© 1996 – Routledge
This book differs from other introductions to pragmatics in approaching the problems of interpreting language use in terms of interpersonal modelling of beliefs and intentions. It is intended to make issues involved in language understanding, such as speech, text, and discourse, accessible to the widest group possible -- not just specialists in linguistics or communication theorists -- but all scholars and researchers whose enterprises depend on having a useful model of how communicative agents understand utterances and expect their own utterances to be understood.
Based on feedback from readers over the past seven years, explanations in every chapter have been improved and updated in this thoroughly revised version of the original text published in 1989. The most extensive revisions concern the relevance of technical notions of mutual and normal belief, and the futility of using the notion 'null context' to describe meaning. In addition, the discussion of implicature now includes an extended explication of "Grice's Cooperative Principle" which attempts to put it in the context of his theory of meaning and rationality, and to preclude misinterpretations which it has suffered over the past 20 years. The revised chapter exploits the notion of normal belief to improve the account of conversational implicature.
"…a succinct and thorough review of the major issues in the study of pragmatics…would serve well as the main text for an introductory course or seminar on pragmatics….also useful for second language teachers and researchers interested in this related field who wish to have a good resource book."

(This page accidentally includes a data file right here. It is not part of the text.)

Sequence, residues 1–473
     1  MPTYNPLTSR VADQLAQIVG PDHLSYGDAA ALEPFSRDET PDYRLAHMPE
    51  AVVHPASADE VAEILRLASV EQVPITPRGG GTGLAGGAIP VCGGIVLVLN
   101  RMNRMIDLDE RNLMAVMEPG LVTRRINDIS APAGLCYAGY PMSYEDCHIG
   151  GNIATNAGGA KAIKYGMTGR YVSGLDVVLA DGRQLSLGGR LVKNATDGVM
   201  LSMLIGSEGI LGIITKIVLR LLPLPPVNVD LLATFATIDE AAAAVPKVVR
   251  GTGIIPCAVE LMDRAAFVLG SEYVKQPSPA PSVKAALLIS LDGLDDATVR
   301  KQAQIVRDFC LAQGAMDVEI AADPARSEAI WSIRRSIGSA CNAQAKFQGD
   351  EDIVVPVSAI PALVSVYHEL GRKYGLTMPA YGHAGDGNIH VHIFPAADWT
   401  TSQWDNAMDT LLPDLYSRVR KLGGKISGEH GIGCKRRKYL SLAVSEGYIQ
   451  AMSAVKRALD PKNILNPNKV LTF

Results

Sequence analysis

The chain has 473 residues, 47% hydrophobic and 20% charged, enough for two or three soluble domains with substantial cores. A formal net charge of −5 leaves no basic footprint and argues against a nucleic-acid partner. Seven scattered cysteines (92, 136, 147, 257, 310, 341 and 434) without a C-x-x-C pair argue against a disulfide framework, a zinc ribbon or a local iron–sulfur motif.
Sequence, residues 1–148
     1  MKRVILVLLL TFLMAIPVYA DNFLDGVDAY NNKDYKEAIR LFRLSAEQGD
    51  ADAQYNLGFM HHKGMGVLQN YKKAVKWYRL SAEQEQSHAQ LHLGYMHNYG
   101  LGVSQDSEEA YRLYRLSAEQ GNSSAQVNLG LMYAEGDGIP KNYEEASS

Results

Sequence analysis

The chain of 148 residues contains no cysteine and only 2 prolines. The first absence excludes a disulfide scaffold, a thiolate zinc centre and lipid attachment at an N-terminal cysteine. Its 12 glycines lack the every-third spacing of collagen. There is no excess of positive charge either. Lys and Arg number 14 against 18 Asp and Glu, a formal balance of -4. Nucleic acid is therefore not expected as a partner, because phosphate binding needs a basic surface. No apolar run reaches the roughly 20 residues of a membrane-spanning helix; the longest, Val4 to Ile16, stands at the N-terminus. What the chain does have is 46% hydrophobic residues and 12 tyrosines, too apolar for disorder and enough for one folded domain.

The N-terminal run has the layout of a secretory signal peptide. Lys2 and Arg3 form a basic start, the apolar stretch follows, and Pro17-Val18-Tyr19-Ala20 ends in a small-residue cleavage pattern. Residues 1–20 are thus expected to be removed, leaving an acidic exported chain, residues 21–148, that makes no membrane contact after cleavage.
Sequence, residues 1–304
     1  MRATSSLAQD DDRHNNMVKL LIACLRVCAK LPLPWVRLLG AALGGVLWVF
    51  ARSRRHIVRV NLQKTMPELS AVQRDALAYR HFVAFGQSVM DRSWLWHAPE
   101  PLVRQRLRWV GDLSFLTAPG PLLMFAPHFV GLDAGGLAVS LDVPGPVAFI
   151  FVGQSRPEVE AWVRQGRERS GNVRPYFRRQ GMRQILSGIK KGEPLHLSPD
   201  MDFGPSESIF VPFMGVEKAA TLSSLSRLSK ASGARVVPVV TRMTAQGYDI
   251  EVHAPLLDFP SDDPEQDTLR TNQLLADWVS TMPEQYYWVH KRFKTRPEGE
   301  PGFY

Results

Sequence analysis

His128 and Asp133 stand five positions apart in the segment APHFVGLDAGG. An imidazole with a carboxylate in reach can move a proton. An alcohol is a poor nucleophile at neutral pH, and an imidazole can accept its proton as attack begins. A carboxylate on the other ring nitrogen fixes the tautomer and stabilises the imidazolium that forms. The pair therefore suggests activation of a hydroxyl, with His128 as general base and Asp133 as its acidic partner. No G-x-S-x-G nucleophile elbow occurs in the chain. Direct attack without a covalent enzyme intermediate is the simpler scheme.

—Modern Language Journal
"…provides a strong foundation of work on pragmatics that will give cognitive scientists a solid understanding of the important basic problems of natural language understanding that have previously been dealt with by philosophers and linguists….filled with interesting phenomena that deserve further psychological investigation."
—American Journal of Psychology
"I heartily recommend P&NLU as a well-written, concise introduction to modern linguistic pragmatics. As an undergraduate textbook, it is ideal."
Praise for the first edition:
"…certainly fills a need in a growing market of interdisciplinary audiences needing a basic understanding of natural language semantics and principles of information communication….may be very effective in triggering their interest and motivating further study in the field."
—Alice G.B. ter Meulen
Indiana University, Bloomington
"I am happy to say that I liked it much better than pragmatics texts I had used in the past, and that my course was more successful overall than it had been before. The students found it clearly written and (relatively) easy to understand. The examples are especially clear. In general, then, it is excellent, and I intend to use it for the same course this coming year."
—Jeanette S. DeCarrico
Portland State University
Contents: What Is Pragmatics, and Why Do I Need to Know, Anyway? Indexicals and Anaphora: Contextually Identifiable Indeterminacies of Reference. Reference and Indeterminacy of Sense. Non-Truth-Conditional Meaning: Interpreting the Packaging of Propositional Content. Implicature. Pragmatics and Syntax. Conversational Interaction. Perspective.